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Lessons for the Islamic Movement

another perspective

It comes to our attention that a somewhat simplistic analysis has been made of the present situation in Malaysia by judging upon what has befallen Mr Anwar Ibrahim. It goes on to criticise the dakwah approach as has developed in Malaysia. First and foremost, Muslims will continue to lament and syampathise and emphasise with the condition of someone who is incarcerated paying the price of a valiant struggle. He knows what he has gone through and the sacrifice he has to make and these are living testimonies and the continuations of the long chain of struggle of the Muslim fighters and it is not and never easy. And it was because of what happened to him sadly, that with an ironic wisdom that enabled all Islamist and just loving groupings and organisations and individuals to unite in a common cause. This makes what one academic once predicted that Mr Anwar will become the unifying factor for the movement to come true.. But this also depends on whether we have the wisdom and the will to continue the path of the struggle. The episode does not end here.

To accuse him of impeding the struggle through his involvement in government is arguable because he chose the path of dakwah and islah. The very path that has taken him to his greatest test and suffering. The premise is that we are dealing with Muslims predominantly whether we know their hearts and intentions or not. We are also facing humans and not things which are lifeless or without feeling.

The question of participation in the ruling party or a secular political platform has long been debated over the years in which the Islamic movement engaged in politics. This has been the case in Egypt, Turkey, Pakistan and Sudan with various methods and approaches and also varying results and consequences. In the early modern period of the Arabian Peninsula, Imam Abd Wahab co-operated and joined forces with Ibn Saud, the ancestor of the present Kingdom's rulers. There are coalition governments, coalition parties (which used to have an Islamic party in Malaysia as its partner), using secular parties' tickets for elections and even befriending military governments. And a democratic set up seems to be the best situation for Islamization to work. Sure, there are mistakes, weaknesses and high risks involved. If we follow the events in Sudan, we can see Dr Hasan Turabi co-operating with President Nimeiry (although before that he was imprisoned for quite sometime), appointed as attorney general, put back in prison, then released by General Omar Bashir, subsequently to be elected as speaker. Now they have to face an international conspiracy and a massive onslaught threatening to devour their very nation. Is he tired and will he quit, definitely not!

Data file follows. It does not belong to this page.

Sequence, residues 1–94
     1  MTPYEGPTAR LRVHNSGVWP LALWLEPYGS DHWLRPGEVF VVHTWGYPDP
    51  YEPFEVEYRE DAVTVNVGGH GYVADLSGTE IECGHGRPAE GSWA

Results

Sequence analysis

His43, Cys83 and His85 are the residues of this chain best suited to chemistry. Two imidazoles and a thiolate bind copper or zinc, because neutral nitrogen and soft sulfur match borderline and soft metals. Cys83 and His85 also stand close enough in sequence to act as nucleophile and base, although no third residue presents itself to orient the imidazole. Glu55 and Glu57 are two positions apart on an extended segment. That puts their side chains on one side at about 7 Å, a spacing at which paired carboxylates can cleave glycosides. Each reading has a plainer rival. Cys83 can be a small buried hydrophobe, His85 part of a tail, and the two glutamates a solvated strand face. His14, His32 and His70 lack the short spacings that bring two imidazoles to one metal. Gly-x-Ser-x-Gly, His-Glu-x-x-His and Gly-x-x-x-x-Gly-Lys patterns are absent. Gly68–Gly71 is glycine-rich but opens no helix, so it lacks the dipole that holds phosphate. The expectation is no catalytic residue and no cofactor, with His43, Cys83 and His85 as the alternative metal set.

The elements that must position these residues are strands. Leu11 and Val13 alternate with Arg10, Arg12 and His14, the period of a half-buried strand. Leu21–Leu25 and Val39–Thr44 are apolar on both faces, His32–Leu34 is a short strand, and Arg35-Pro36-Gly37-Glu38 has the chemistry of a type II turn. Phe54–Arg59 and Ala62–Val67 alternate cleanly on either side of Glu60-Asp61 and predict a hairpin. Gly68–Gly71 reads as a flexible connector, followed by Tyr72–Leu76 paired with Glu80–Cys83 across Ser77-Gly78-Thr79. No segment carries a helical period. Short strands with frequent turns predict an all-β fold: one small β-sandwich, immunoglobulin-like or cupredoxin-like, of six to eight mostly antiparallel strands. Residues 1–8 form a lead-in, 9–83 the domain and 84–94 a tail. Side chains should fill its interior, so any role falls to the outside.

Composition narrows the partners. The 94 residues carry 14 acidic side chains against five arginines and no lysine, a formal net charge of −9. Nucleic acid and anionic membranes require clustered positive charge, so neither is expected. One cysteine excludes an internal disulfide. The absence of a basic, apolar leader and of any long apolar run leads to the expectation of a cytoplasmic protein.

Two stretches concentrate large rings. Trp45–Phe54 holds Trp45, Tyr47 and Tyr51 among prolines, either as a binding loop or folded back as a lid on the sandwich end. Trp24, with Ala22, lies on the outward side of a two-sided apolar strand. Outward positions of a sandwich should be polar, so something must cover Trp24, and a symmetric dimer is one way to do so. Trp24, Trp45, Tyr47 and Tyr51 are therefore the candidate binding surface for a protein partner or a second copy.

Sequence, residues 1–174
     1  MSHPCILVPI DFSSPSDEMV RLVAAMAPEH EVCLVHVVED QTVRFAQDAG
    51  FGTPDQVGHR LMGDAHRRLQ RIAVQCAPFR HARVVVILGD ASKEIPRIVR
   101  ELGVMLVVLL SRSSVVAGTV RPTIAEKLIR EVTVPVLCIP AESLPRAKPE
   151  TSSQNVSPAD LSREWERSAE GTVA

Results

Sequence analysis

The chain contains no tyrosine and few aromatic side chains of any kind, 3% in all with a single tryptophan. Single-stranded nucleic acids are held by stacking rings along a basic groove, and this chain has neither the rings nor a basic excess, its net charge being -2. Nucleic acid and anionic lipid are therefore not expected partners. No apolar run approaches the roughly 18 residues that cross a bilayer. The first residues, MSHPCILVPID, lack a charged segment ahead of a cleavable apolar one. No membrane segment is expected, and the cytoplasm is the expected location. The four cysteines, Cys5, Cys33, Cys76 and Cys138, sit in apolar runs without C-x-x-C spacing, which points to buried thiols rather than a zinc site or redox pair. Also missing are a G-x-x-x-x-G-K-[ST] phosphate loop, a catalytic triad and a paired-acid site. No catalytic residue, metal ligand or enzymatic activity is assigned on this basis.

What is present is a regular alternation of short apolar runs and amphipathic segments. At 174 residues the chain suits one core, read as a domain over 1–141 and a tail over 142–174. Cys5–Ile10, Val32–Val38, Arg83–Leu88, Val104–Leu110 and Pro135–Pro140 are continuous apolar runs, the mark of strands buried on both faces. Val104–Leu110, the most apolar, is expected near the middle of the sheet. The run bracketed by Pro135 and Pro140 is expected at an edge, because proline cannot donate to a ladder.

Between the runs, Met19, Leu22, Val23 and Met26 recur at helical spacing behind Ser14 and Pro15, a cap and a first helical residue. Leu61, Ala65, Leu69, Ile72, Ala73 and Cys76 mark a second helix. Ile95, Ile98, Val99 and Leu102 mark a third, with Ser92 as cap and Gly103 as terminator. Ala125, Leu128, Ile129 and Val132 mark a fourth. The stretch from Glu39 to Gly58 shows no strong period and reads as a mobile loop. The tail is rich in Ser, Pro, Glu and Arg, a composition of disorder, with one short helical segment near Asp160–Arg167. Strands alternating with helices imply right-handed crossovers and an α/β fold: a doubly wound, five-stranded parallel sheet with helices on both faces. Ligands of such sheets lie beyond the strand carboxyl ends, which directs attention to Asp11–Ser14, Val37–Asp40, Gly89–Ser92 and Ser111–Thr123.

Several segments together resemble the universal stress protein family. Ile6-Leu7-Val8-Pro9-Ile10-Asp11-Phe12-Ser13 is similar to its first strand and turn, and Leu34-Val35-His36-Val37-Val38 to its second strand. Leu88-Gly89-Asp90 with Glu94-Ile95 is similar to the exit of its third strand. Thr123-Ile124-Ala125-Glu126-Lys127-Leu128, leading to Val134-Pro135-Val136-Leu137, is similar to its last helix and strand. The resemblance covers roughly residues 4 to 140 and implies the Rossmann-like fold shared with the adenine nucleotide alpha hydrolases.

To be true and fair in analysing the present Malaysian situation, it is wise to reflect on the period before 1982 and the 70's and compare it with the present condition and political development to evaluate the changes and achievements of the struggle for Islamisation. Dr Chandra Muzzaffar correctly points out that through such political participation in the 80's, we avoided the classical repressive conflicts between Muslims and the ruling secular regime. Dr Wan Salim goes on further to note that the conditions to achieve Allah's granting of complete victory may not have been met just yet but the effort and Islamic work must go on. As Sheikh Rashid Ghanoushi said of the prerequisites of success - the sunan ul nasr - for the movement. So it goes back to our role and responsibilities to carry on now that a fighter has paid the price.

Hamdan Muhammad Hassan

13 November 1998.

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[Currently, he is a Senior Civil Engineer at the University Science of Malaysia. He is involved in youth activities with the Muslim Youth Movement in Malaysia. He is also the President for the Muslim Staff Association in his university.]

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